Waterfowl

Franklin’s Gulls

 

The Franklin’s Gulls (Larus pipixcan) is a small gull. It breeds in central provinces of Canada and adjacent states of the northern USA. It is migratory, wintering in the Caribbean, Peru, and Chile.

This species is easy to identify. The summer adult’s body is white and its back and wings are much darker grey than all other gulls of similar size except the larger Laughing Gull. The wings have black tips with an adjacent white band. The bill and legs are red. The black hood of the breeding adult is mostly lost in winter.

Young birds are similar to the adults but have less developed hoods and lack the white wing band. They take three years to reach maturity.

Franklin’s Gulls breed in colonies near prairie lakes. The nest is constructed on the ground, or sometimes floating. The 2 or 3 eggs are incubated for about three weeks.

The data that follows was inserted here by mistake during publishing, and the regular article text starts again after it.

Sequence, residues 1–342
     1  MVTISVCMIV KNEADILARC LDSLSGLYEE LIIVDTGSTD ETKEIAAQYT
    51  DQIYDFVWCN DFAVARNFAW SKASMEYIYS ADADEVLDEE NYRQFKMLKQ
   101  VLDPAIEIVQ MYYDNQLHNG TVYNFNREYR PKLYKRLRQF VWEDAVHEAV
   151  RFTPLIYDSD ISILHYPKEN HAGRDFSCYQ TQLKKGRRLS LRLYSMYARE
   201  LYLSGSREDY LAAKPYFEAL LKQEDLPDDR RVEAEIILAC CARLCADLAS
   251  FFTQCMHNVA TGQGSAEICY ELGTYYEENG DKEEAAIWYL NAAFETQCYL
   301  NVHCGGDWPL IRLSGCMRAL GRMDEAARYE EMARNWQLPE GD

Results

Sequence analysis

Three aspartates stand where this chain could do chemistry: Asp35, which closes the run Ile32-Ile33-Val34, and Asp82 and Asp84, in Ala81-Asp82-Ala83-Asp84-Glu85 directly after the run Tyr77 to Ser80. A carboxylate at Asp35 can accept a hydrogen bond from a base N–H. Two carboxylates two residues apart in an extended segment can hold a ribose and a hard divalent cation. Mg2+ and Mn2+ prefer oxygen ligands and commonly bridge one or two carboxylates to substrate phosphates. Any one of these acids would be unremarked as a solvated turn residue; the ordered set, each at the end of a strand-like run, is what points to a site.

These are omnivores like most Larus gulls, and they will scavenge as well as seek suitable small prey.

This bird was named after the Arctic explorer Sir John Franklin.

Although Franklin’s Gull is uncommon on the coasts of North America, it occurs as a rare vagrant in northwest Europe, south and west Africa, Australia, and Japan, with a single record from Eilat, Israel in 2002 (Smith 2002).

Copyright: Wikipedia. This article is licensed under the GNU Free Documentation License. It uses material from Wikipedia.orgAdditional information and photos added by Avianweb.

 


Relevant Web Resources: USGS


 

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Gordon Ramel

Gordon is an ecologist with two degrees from Exeter University. He's also a teacher, a poet and the owner of 1,152 books. Oh - and he wrote this website.

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